The week's news and insights from the National Farmers' Federation
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Welcome to the NFF’s Weekly Wrap, bringing you the week’s farming and political news each Friday.
National Cabinet to develop national Agricultural Worker Movement Code
Last week, National Cabinet announced it would develop a national Agricultural Worker Movement Code following calls from farming organisations to allow the swift passage of agricultural workers and farmers across borders. The Code is currently being developed with input from industry and is expected to be considered when National Cabinet meets on 4 September.
Government announces program for seasonal workers
Minister for Agriculture David Littleproud last week announced that the Federal Government would allow targeted recruitment of labour under the Pacific Labour Scheme and the Seasonal Worker Program. As the agriculture industry faces critical workforce shortages due to COVID-19 travel restrictions, Minister Littleproud urged state and territories to take advantage of the schemes.

Industry welcomes ACCC food supply chain review
This week the Treasurer Josh Frydenburg and Minister for Agriculture David Littleproud announced the ACCC would investigate markets for perishable agricultural goods. The inquiry will investigate harmful imbalances of bargaining power between farmers and intermediaries, including processors and retailers.
Younger farmers face unique challenges & opportunities
This week, ABC's 7.30 program highlighted the stories of a group of young farmers taking on a future of making a living off the land. The episode showcased the challenges and opportunities young people face when returning to the farm.
Weekly insight
Talk of a national tree change movement more than talk...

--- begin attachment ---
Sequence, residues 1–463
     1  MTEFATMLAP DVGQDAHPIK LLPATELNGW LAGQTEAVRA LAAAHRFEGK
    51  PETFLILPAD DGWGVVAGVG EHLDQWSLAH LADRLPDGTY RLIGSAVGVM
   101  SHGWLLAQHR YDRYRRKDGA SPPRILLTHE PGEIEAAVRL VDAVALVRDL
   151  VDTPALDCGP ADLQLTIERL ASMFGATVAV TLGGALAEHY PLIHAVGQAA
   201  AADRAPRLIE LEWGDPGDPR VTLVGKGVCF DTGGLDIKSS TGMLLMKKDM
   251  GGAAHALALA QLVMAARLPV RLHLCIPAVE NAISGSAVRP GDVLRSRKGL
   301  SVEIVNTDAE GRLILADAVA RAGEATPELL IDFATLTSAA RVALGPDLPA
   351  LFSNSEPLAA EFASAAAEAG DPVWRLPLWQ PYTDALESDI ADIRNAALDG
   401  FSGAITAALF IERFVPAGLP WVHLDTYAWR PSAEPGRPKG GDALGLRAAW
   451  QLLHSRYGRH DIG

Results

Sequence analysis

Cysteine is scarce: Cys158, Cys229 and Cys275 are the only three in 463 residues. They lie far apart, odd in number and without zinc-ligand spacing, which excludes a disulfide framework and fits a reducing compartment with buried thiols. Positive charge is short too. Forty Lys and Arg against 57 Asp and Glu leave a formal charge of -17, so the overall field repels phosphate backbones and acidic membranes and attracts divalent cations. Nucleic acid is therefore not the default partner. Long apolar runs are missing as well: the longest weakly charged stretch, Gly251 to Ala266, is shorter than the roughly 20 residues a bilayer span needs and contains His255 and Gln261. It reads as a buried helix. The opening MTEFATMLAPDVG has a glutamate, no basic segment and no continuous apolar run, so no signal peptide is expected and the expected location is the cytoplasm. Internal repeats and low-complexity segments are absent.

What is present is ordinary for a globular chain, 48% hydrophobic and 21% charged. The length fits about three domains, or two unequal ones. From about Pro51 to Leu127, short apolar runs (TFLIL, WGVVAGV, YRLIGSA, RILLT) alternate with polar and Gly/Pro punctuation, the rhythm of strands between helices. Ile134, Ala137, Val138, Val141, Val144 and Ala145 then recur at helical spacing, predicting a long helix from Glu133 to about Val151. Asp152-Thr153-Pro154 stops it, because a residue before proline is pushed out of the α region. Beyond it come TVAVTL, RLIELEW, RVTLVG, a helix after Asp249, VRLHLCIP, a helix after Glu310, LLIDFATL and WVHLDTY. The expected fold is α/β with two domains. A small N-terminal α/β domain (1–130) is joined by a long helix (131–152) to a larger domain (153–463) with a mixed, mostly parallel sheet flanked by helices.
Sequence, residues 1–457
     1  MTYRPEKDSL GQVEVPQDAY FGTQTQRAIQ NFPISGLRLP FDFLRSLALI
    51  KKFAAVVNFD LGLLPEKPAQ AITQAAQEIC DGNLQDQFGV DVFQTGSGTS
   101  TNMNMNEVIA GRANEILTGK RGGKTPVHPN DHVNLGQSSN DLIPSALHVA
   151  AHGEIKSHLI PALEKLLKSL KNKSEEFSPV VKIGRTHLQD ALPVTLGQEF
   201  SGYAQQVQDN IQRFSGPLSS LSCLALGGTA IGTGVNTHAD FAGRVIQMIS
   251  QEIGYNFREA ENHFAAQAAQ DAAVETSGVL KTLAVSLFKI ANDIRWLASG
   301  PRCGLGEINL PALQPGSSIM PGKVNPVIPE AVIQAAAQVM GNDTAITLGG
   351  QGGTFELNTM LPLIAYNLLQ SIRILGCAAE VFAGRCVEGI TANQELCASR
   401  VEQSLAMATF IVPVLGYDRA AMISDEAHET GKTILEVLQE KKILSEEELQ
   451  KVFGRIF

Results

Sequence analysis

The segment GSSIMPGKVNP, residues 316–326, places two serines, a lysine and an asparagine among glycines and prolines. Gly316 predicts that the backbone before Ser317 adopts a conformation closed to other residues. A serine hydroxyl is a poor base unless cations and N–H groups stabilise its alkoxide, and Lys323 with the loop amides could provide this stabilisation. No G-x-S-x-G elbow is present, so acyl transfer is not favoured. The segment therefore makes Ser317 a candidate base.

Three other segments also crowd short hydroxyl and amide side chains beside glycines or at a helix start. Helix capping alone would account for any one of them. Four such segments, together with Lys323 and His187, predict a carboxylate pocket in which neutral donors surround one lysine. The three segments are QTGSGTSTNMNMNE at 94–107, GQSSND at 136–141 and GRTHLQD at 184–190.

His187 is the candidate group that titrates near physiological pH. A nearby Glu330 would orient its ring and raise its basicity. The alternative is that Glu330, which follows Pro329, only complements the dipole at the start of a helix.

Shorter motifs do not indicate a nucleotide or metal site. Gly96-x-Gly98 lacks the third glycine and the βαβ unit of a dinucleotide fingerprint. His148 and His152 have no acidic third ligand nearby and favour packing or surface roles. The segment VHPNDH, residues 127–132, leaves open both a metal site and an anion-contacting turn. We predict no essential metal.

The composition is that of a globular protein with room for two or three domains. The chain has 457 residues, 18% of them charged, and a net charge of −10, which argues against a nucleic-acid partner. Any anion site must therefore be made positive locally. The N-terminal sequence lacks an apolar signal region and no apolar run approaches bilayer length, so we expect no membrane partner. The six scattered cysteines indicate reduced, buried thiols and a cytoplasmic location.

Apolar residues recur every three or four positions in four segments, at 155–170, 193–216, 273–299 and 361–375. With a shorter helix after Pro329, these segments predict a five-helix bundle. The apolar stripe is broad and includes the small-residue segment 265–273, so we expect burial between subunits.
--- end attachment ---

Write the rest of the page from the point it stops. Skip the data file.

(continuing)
In today's copy of The Australian Bernard Salt, managing director of the Demographics Group, highlighted that a growing number of regional areas are experiencing positive net migration - busting the myth of regional decline.
Source: The Australian, 2020
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Protecting the farm sector's fastest growing asset

With all that’s transpired in 2020, you’d be forgiven for overlooking an announcement from the National Farmers’ Federation in February, when Australia’s first Farm Data Code was released to the public.

The Code was the culmination of 2 years’ work by a coalition of farmers, academics and agtech innovators – working together to set the ground rules for how Australia’s agricultural data is managed.

The origins of the Code can be traced back further than 2 years, to the cross-industry Precision 2 Decision project co-funded by the rural research and development corporations and the Commonwealth Government. That project surveyed more than 1,000 producers to understand their concerns about embracing digital technology. It also took a global scan of what leading countries were doing to stay ahead of disruption.

The findings were stark. Australian producers understood that data was a business asset that was growing in value, but they were reluctant to entrust it to the proliferation of services vying for their business. Precision 2 Decision also found that Australia was falling behind jurisdictions like the US, New Zealand and the EU – who had already moved to protect farm data through regulatory and self-regulatory means.

The NFF convened the Farm Data Working Group to close that gap. The Farm Data Code aims to clarify the expectations for business who manage agricultural data. It covers how the data is used, shared and managed by those companies.

Since launch, a number of innovative technology companies have been undergoing a process of comparing their practices against the Code, and updating and aligning the terms of their agreements with growers.

The NFF will shortly commence its first review of the Code, welcoming feedback from farmers and data aggregators on whether its provisions are striking the right balance between enabling innovation, and keeping farmers’ data secure. We are also exploring a certification model, to help farmers make informed choices about which products comply with these rules.

The Australian Farm Institute estimates that digitisation of Australian agriculture could add $20.3 billion to our annual output – propelling us towards our $100 billion goal. But with such enormous disruption comes new risks for farm businesses to manage. The Farm Data Code is one step we’re taking to ensure we’re keeping pace with those challenges.

Quote of the week
"Australia was not built to have internal borders. The very point of federation was not to have them!"

Sent by the National Farmers' Federation, NFF House, 14-16 Brisbane Avenue, Barton ACT 2600

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